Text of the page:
# "Modi Wave" Wrong. "Landslide" Correct (So Far)

The BJP and its allies won 38% of the vote in 2014 (File photo)

It is incorrect to refer to 2014 as a "Modi Wave".

Two concepts often get confused in election analysis: Wave vs Landslide.

A "wave" refers to a high popular vote of a leader or a party; popularity is assessed by the % vote the leader wins.

A "landslide" refers to the high number of seats a party wins. A simple definition of a landslide is when the winning party gets more than twice the number of seats that the second-largest party wins.

In our first-past-the-post system, if the opposition is divided, a low popularity rating i.e. a low percentage of votes can convert into a large number of seats.

In other words, a low vote % can turn into a landslide in seats if the opposition is fragmented.

An example of a "Wave" in popularity is the Janata Party in UP in the 1977 elections when it won 48% of the vote.

While Narendra Modi/BJP+ won a landslide in seats in 2014, there was no popularity "wave". Here's why:

1) In 2014, Modi/BJP won only 31% of the all-India vote. That is not a wave by any stretch of any definition, though it did lead to a Modi/BJP landslide in seats (272 seats was way above any other party).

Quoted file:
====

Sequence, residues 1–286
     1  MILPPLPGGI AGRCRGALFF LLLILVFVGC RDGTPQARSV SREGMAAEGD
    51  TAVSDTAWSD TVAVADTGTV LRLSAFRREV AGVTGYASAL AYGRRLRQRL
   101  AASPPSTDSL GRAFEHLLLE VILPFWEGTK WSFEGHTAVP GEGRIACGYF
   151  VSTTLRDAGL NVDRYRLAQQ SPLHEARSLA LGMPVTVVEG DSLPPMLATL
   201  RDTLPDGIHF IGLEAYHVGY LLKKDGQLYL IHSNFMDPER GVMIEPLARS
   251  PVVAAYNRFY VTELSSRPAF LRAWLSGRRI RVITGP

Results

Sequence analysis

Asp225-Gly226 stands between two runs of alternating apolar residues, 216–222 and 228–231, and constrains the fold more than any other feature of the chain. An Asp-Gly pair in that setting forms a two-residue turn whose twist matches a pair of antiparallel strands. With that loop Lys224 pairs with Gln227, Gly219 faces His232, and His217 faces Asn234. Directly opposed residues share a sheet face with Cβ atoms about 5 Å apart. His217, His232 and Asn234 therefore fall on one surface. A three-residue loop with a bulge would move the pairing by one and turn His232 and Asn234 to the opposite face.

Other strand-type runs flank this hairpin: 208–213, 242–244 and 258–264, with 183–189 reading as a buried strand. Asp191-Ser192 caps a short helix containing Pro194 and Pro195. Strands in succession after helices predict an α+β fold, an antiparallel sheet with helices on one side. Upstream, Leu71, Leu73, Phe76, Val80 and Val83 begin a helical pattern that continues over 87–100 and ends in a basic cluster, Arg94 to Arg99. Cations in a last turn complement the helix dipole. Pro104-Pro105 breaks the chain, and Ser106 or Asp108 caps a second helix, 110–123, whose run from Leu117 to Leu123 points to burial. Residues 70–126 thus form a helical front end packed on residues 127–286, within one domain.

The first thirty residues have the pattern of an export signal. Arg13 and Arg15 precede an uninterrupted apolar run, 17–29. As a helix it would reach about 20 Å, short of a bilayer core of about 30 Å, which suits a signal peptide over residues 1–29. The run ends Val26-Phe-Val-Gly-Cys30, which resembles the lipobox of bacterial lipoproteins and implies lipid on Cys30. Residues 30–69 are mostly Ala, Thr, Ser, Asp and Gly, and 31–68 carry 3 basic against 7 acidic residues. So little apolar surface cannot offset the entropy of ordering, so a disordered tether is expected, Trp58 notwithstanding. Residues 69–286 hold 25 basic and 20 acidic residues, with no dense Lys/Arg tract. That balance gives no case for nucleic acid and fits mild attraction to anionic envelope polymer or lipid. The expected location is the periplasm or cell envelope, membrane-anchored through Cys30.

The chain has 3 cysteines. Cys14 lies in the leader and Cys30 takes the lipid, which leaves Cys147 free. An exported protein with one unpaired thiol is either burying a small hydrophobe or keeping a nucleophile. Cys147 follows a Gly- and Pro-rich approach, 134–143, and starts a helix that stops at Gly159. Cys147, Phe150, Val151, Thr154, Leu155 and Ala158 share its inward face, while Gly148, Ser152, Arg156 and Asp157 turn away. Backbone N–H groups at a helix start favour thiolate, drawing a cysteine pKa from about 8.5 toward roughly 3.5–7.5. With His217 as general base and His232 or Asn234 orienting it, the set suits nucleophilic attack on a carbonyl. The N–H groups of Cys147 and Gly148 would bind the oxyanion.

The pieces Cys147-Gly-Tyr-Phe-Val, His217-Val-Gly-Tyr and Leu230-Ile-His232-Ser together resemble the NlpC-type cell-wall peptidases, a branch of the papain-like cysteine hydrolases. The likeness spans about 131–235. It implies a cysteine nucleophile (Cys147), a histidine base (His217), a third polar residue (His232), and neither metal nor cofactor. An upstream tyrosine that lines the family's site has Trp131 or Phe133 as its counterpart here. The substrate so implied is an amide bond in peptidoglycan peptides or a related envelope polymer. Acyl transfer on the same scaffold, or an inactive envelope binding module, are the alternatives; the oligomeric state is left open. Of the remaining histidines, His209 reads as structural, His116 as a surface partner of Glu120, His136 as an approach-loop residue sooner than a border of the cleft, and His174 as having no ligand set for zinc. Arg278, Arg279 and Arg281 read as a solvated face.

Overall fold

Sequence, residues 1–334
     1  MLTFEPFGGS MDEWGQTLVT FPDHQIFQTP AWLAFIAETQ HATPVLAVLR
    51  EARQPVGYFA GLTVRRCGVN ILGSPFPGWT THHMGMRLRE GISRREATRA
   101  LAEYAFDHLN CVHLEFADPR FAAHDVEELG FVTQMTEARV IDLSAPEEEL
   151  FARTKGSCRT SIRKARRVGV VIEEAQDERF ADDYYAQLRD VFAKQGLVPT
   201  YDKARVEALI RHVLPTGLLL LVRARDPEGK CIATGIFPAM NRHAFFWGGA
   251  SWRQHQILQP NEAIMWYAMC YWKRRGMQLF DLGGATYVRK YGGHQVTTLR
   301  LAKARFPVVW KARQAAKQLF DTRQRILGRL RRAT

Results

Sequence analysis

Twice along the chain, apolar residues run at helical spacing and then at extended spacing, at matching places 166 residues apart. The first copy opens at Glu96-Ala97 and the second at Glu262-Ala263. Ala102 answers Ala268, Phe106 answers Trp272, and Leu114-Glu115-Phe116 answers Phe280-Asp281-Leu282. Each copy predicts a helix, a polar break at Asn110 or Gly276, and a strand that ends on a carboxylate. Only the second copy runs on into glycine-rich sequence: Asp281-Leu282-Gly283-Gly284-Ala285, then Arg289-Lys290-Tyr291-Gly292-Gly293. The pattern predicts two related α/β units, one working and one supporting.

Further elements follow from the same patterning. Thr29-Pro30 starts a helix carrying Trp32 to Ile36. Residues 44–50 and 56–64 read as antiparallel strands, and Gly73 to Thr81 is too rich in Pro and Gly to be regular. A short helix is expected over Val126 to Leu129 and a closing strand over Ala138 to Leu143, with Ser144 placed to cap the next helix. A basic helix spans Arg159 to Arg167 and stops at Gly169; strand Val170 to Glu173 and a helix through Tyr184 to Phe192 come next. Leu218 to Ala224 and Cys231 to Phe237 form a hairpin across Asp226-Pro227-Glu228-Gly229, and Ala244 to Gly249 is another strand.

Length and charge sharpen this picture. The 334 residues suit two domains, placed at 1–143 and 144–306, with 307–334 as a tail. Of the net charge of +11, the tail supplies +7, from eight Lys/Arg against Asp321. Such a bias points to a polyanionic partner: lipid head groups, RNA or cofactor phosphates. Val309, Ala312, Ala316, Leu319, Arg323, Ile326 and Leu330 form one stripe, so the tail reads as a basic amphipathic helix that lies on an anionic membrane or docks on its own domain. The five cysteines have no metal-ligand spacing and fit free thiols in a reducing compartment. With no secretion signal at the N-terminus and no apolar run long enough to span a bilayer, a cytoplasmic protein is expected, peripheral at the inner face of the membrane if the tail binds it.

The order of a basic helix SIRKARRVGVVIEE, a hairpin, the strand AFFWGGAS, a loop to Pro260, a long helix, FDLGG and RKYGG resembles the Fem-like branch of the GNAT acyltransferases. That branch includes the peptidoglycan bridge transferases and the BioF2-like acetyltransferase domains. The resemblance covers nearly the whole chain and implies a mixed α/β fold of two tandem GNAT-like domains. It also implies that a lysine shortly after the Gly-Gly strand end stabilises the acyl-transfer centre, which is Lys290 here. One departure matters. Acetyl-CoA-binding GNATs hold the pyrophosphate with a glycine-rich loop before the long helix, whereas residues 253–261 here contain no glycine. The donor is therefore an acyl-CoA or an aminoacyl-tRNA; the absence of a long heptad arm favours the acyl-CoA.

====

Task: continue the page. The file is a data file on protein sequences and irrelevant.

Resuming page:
Conclusion: this was a landslide in seats, not a wave in popularity in terms of popular vote.

2) The BJP and its allies won 38% of the vote in 2014. And 38% cannot be termed a wave in popularity. But once again, because of a fragmented opposition, the BJP+ allies won 336 seats.

Conclusion: this was a landslide in seats, not a wave in popularity in terms of popular vote.

3) In Uttar Pradesh in 2014, the BJP won 42.63% of the vote. Once again, that level of popularity cannot be termed anywhere near a "wave". Of course, the badly divided opposition converted this 42.6% into 71 seats (that is 90% of the seats in UP) which was correctly defined as a huge landslide in seats.

Conclusion: this was a landslide in seats, not a wave in popularity in terms of popular vote.

4) In the UP assembly elections in 2017, the BJP won 41.4% of the vote. This is not defined as a wave in popularity. However, the BJP won 325 seats out of 400 (i.e. 80% of the seats) which is clearly a landslide.

Conclusion: this was a landslide in seats, not a wave in popularity in terms of popular vote.